Just let this sink in: Capita wins 12-year £1bn contract to provide training services to the Royal Navy and Marines
Who remembers that Army recruitment calamity? Not the salty sea dogs running the naval forces
Weeks after the British Army renewed a contract that retained Capita at the heart of its recruitment services, the oft-criticised outsourcing biz has snaffled a £1bn deal to provide training services for the Royal Navy and Marines.
In a statement to the London Stock Exchange today, Capita said the 12-year agreement will see the company endeavour to "modernise" the Navy's shore-based training in 16 sites across the UK as the lead partner in a consortium, Fisher Training, which bid for the work.
Apparently, Capita will use its "expertise" in "transformation, learning and the delivery of complex, technology enabled defence projects".
The Fisher Training Consortium (FTC) includes Raytheon UK, Elbit Systems UK, Fujitsu, and some smaller suppliers in addition to Capita. Between them, the group will provide tech, processes and training management systems. The work will be worth nine zeroes to Capita.
The plan is to update all training courses and deploy analytics to monitor training methods; use digital learning and training simulation to help the running of "live on-the-ground training"; manage the procurement and decommissioning of Royal Navy equipment; and run IT, including data generated by a performance dashboard.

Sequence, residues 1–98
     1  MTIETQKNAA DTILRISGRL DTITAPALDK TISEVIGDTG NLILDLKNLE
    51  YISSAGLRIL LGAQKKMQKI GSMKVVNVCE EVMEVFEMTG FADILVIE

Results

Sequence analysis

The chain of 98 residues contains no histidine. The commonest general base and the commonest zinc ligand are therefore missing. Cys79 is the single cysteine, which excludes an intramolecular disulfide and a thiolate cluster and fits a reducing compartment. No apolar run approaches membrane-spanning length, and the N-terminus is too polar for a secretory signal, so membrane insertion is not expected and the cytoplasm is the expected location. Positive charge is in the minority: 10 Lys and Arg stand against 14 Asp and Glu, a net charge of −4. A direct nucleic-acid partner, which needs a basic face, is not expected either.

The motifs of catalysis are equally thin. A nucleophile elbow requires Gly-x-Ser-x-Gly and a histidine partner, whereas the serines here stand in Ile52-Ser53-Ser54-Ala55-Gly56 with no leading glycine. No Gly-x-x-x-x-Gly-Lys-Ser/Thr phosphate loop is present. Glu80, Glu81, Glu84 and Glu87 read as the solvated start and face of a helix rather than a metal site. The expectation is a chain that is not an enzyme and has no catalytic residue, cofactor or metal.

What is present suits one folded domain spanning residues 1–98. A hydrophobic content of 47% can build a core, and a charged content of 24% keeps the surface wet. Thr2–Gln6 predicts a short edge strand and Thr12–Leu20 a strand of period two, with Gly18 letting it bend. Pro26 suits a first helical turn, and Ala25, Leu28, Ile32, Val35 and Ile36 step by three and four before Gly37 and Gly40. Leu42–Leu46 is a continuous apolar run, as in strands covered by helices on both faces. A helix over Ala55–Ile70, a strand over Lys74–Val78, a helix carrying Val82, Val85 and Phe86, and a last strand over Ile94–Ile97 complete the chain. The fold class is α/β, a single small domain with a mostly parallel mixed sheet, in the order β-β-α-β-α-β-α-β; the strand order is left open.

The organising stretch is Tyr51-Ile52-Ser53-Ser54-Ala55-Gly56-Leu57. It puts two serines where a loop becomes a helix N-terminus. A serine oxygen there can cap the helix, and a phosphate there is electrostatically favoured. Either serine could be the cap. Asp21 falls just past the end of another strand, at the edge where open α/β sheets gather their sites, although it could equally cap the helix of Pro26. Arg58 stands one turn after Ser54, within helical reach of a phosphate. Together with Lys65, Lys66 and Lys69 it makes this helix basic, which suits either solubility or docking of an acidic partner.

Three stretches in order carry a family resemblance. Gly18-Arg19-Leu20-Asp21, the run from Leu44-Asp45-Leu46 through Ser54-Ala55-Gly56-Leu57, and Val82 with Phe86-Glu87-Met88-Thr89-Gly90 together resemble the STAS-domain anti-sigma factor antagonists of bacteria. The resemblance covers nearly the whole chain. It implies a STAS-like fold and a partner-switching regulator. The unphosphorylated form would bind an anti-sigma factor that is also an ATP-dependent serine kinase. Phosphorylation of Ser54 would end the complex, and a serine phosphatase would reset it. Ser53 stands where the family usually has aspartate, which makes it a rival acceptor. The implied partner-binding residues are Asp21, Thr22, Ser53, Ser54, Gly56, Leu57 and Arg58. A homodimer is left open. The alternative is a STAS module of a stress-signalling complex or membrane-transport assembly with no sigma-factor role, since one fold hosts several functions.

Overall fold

Trying to improve accreditation and apprenticeship management, running Royal Navy learning and development hubs, and also trying to resell the Royal Navy course to the "wider international defence market", as well as "identifying further revenue opportunities for the services" are also part of the consortium's remit.
Around 1,100 employees from FTC will work with Royal Navy bods.
The intention is to "increase efficiency in delivery, reducing redundant elements of current training and minimising time lost away from the front line for service personnel."
Capita's reward for failures on the MoD's Recruitment Partnership Project, which was beset with delays, cock-ups and, for a period, a reduction in the number people actually joining the forces – and which MPs branded as "abysmal" – was: a recent extension. Fingers crossed the deal with the Navy works out better.
A publication with a sense of humour might go so far as to suggest that perhaps the current UK government is comprised of pacifists rather than the blood-thirsty Tories their enemies on the left often accuse them of being. That might explain the Capita award. El Reg couldn't comment. ®